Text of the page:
Results guru Steve Smythe takes a look back at some of the key British athletics stats from 54 years ago
1966 will be best remembered by British sports fans for England winning the football World Cup final at Wembley but it was a year that also included a European Athletics Championships and Commonwealth Games.
I recently came across the World Sports International Athletics Annual 1967 which reviews the 1966 season and it includes some fascinating information which shows just how much athletics has changed over the last 54 years.
Curiously, there were women’s world lists and all-time rankings, and women’s results from the European Championships and Commonwealths, but also a list of all national records and national championships, only for men!
That women were not considered equal back then was further illustrated by that year’s European Championships, with there being no events over 800m (for example no 1500m, 5000m, 10,000m, steeplechase and marathon) and no 400m hurdles, pole vault, triple jump, hammer and 4x400m relay.
The list of British record-holders is a very interesting snapshot of the state of British athletics at that time.
The men’s 100m record was a modest 10.3 – there were no electronic times then! And it was shared eight ways.
Roy Sanderson set the first time in 1956 before Olympic medallist Peter Radford equalled it in 1958 and also ran it twice in 1960.
David Jones also equalled it in 1961 and 1963 and his namesake Berwyn gathered a share in 1963. Then, finally, Menzies Campbell – the future leader of the Liberal Democrats – equalled it in 1966.
The 200m was more straightforward as it was Radford’s 20.5 from 1960 which was set at the same meeting in Wolverhampton where he also set the 100 yard and 220 yards records.
There was also a share at 400m. Future commentator Adrian Metcalfe ran 45.7 as a junior in 1961 and then Robbie Brightwell equalled it in both the 1964 Tokyo Olympic semi-final and final.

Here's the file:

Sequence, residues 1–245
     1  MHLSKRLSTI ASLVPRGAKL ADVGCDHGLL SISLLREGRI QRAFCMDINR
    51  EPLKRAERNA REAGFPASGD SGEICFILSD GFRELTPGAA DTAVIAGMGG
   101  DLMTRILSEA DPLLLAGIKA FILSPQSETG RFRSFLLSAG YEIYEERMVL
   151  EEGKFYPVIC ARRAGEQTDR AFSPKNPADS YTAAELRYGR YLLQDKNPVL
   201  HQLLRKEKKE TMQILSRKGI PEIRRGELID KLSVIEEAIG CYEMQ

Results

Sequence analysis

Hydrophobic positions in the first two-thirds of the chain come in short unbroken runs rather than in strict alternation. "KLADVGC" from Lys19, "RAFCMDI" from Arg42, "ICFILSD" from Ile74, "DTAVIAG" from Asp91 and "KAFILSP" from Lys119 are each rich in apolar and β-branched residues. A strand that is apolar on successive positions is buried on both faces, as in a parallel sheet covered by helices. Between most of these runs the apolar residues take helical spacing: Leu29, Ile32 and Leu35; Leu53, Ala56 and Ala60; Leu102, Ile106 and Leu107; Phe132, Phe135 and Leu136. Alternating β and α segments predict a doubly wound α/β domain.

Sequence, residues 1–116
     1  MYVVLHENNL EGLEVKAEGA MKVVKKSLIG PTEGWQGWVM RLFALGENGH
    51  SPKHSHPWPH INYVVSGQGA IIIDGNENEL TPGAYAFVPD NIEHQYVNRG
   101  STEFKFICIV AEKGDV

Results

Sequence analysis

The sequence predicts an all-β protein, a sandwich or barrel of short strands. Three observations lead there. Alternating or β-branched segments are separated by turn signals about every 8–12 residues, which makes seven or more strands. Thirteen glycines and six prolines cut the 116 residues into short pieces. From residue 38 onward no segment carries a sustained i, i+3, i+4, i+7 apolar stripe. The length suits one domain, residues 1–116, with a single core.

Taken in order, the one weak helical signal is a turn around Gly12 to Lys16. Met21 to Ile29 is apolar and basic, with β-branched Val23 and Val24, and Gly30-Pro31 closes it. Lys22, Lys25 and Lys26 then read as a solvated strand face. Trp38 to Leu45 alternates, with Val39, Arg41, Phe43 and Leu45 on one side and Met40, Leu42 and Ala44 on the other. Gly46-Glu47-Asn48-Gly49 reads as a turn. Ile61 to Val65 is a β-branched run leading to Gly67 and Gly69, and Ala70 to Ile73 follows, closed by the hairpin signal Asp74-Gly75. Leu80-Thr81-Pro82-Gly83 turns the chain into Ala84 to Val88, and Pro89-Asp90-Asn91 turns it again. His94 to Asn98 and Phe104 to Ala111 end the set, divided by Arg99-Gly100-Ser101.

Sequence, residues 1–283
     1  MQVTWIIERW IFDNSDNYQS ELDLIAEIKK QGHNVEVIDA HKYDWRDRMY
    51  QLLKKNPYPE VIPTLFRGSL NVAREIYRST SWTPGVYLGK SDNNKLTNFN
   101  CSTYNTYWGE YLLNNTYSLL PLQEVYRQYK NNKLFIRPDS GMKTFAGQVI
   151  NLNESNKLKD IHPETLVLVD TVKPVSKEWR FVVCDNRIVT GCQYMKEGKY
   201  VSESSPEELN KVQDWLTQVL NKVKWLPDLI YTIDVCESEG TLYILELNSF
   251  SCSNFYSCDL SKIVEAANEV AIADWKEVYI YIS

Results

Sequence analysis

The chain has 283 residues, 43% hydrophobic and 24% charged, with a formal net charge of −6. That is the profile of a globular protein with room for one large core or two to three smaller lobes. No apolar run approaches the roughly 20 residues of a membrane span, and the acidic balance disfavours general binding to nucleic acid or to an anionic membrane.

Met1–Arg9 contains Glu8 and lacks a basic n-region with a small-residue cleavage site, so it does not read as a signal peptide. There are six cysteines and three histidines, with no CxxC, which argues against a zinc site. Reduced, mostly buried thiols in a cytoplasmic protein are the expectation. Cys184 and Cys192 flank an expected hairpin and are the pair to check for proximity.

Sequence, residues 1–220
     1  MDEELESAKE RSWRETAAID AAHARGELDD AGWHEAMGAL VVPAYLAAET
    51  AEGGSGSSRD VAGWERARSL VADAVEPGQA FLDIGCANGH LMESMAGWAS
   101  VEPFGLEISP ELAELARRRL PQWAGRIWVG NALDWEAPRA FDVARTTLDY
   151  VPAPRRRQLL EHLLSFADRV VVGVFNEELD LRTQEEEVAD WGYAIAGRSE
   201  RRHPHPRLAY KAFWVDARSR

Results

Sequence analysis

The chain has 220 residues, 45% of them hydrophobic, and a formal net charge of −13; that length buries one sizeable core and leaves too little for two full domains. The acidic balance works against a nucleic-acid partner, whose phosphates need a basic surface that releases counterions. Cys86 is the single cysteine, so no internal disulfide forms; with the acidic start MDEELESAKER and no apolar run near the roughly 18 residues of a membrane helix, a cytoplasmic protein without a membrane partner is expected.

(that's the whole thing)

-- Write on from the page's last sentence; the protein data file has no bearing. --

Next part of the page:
Chris Carter held the 800m (1:46.3) and 880 yards (1:57.5) records, with the metric mark coming when he finished a very close fourth in the European Championships. Carter has been involved in the sport now for 70 years, having become a top administrator and official when he retired and his son Richard became a national junior winner.
Alan Simpson, second in the Commonwealth mile in 1966, held the 1500m (3:39.1) and mile (3:55.7) marks.
Gordon Pirie owned the 3000m mark with a 10-year-old run of 7:52.8, which was a world record at the time and was still eighth all-time in the world. It was not the oldest individual British track mark as Chris Chataway had a more modest 5:09.4 for 2000m.
Mike Wiggs had the 5000m record with 13:33.0, which at the end of 1966 ranked him sixth all-time, and he had a share of the three miles with 13:08.6 alongside Allan Rushmer’s Commonwealth bronze medal-winning run in Kingston behind the great Kip Keino and Ron Clarke and narrowly ahead of future Olympic champion Naftali Temu. Both Wiggs and Rushmer were in the all-time top 10.
Mike Freary set the 10,000m mark of 28:26.0 in 1966, and the father of AW shoe guru Paul ranked eighth all-time on the world at this stage.
Bruce Tulloh held the six-mile record with a similar sort of time of 27:23.8 which ranked him sixth all-time based on his run in that year’s AAA Championships at White City.
The steeplechase record of 8:32.4 was Maurice Herriott’s Olympic silver medal-winning run in Tokyo.
To read about the other British men’s records at longer distances, field, hurdles and relays, AW magazine subscribers can visit the AW Clubhouse here.